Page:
Much of this did bring to mind the protestation encountered on the street in Chicago that until one thing could be done properly, it was pointless to try and tackle over twenty different issues, each through its own working group. Perhaps especially so when the groups are often staffed by the same people. Ultimately, nothing concrete was decided at the meeting, decisions can only be made by a vote in assembly by those people attending on that day. Numbers dwindled through the meeting and it was easy to see how some people would be put off by the preponderance of discussion, all heavily laced with stylistic flourishes like breathing exercises to maintain peoples clarity and respect, and signals called ‘spirit fingers’.

I spoke to Craig at the start of the meeting. He had been in Denver for eight days, having moved down from Ohio in search of better job opportunities. (I spoke to several beggars who had followed the same path.) He said that for the first time in his life he had found himself living in a homeless shelter. He had visited the site actually being occupied, but been turned off by the fact that now the only people left were the terminal homeless who had coalesced there. A young lady, Liberty she called herself – I’m not sure if that was her real name – said that the camp had been raided six times since October, often violently and that tents were now banned by the city. In the harsh Colorado winter no one who had a choice was any longer staying on the street, so occupy now meant a community of drunks and drug addicts often too apathetic to hold the signs they had, so said Craig. Matt, another keen participant in laptop meetings, suggested that he get out and hold a sign then; there is an undertone of superiority, quite possibly justified, from those people who dedicate the most time to the group.

Seeing some of the difficulties being faced by the Occupy movement internally reminded me of reading about the civil rights movement of the 1960′s, which is not to conflate them at all, beyond being movements for social justice, on very different scales. Eventually the civil rights movement exhausted the formal concessions that power would allow it, (Occupy has yet to achieve any) as well as the patience of its base. The fracture between the more radical element and the more political – in the tactical sense – old guard saw the latter fade from prominence and the former violently repressed. Ultimately change ceased and everything that the former slaves would be given was had. To this day there remains a historic and economic injustice that is brutally tough to overcome. The eloquent, prep-school and Harvard educated president of foreign wealth is not an example of this long route to equality.

The other correlation, as I perceived it, and perhaps far more instructive for the future, was the movements stage of development. The literature on the black civil rights movement is always at pains to highlight the crucial and essential role in the successes of the 60′s played by the organisers in the decade preceding it. It was the people who worked under threat, often made good, of death that constructed the bonds in the black community in the south that enabled them to mobilise on mass, overnight when needed, to protest injustice, as happened in Montgomery bus boycott, for example. It seems that Occupy is beginning this process now.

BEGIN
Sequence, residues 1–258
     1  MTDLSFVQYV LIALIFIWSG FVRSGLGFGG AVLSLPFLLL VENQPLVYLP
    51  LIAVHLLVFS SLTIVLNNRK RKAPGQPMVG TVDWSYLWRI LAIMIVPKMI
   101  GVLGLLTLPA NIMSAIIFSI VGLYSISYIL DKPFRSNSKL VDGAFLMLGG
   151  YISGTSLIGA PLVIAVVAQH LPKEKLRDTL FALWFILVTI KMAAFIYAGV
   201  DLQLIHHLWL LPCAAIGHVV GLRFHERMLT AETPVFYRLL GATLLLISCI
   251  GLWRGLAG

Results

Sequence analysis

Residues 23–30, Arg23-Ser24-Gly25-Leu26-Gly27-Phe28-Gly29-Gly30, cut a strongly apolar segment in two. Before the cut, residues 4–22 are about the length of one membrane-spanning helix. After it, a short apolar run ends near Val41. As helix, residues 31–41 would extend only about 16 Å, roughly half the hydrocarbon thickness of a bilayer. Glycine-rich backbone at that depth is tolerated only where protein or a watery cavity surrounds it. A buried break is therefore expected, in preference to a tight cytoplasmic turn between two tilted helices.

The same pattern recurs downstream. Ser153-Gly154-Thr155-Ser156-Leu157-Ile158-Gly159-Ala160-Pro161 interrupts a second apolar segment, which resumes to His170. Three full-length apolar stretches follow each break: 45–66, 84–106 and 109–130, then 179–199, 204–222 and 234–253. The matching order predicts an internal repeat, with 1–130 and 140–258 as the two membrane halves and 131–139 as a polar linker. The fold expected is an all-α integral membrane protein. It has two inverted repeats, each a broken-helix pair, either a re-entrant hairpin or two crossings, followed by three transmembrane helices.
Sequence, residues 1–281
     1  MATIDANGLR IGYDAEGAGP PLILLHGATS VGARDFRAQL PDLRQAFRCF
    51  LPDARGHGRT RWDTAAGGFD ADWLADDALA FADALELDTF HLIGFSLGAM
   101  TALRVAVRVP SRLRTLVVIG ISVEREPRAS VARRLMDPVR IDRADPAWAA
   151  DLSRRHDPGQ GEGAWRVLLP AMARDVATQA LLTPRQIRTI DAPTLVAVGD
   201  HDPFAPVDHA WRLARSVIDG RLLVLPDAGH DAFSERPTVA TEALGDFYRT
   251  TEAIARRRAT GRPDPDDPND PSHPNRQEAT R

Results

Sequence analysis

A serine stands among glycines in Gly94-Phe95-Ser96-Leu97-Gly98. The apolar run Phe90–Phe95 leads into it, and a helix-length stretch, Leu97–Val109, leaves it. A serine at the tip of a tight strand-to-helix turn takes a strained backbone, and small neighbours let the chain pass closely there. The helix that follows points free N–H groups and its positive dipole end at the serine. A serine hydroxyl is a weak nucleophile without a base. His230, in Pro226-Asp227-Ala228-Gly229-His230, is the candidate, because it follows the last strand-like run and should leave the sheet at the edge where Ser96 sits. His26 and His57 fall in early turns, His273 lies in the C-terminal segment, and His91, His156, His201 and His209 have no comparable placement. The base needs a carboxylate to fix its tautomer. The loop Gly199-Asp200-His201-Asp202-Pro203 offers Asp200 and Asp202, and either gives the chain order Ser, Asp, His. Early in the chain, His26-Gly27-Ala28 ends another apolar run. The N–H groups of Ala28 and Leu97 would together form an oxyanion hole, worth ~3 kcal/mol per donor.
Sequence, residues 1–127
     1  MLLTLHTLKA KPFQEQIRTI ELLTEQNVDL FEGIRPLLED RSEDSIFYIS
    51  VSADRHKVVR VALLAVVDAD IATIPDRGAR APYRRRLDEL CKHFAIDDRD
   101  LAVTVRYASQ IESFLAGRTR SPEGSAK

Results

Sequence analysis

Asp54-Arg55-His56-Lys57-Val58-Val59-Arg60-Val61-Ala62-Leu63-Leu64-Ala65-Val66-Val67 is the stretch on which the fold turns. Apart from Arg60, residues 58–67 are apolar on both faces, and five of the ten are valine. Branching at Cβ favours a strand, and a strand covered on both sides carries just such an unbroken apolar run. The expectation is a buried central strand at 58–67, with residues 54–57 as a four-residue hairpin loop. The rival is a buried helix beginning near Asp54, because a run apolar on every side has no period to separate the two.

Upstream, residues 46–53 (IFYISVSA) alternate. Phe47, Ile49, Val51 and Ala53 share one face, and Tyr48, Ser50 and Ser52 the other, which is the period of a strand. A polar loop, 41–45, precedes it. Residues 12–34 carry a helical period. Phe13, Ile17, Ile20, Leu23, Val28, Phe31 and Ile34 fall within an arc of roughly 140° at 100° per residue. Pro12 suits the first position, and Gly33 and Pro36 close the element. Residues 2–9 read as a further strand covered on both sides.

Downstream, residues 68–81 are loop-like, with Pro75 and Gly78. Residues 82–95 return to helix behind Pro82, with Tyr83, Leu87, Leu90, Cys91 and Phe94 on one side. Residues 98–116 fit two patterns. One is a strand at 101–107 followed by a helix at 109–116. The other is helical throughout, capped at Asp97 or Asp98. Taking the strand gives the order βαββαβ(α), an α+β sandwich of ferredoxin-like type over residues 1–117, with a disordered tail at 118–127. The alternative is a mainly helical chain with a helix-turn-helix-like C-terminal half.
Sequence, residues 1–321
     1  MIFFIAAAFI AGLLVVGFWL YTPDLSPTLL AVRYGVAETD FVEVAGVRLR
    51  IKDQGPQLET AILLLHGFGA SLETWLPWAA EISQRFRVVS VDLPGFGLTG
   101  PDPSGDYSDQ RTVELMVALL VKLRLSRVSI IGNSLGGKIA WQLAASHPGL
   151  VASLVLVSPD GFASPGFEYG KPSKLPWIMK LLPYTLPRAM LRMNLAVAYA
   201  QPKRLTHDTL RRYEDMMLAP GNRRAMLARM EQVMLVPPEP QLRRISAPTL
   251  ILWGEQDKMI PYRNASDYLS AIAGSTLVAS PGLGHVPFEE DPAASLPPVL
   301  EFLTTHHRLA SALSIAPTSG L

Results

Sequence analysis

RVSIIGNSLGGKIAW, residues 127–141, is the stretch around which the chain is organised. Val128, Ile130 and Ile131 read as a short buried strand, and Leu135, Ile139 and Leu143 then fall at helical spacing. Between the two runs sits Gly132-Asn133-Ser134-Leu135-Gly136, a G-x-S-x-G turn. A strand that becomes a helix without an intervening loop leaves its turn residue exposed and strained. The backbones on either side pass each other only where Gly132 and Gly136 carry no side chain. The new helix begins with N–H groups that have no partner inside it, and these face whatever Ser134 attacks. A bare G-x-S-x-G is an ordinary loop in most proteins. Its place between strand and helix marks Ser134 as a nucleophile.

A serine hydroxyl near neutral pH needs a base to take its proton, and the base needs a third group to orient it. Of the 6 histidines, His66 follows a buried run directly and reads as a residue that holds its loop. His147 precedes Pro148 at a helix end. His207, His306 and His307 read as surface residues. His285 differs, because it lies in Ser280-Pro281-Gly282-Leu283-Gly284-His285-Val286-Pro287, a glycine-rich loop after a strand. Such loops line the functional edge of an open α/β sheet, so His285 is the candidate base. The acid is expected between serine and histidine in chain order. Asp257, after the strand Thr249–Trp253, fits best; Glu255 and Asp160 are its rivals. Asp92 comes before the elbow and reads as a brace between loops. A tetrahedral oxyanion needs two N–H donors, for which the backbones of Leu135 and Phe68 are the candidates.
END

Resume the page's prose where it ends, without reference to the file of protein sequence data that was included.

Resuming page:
This is essential work if change is ever to come about. The past is a clear guide that concessions will not come without struggle. However, it does also highlight the sort of time frame that seems realistic for the groups work. Occupy will have no representation in next years election, people on the street, thankfully, all rejected voting Democrat as a more useful step than bending over and asking for another hard fucking. The green party is the closest party at present to their platform, but as yet I have seen no coordination between them and clearly the priorities of the green party, whilst desirable, are not the movements own focus. With the current trend towards ever greater sums of money, now corporate also, in the American political system, it is hard to see Occupy garnering many votes four years further forward either. Things can change quickly, but it seems that a party even being formed is still a long way off.

Still, the one quite tangible and significant achievement of the movement has been to establish a common ground that can be identified by people in a culture that promotes alienation. That people such as Craig continue to arrive, hopeful, indignant, and without illusion that either political party will help them, there remains a strong base of support to draw on. Certainly, channeling the energy of the base into action will be as significant a part of Occupy’s future as structural procedure. Next stop San Francisco.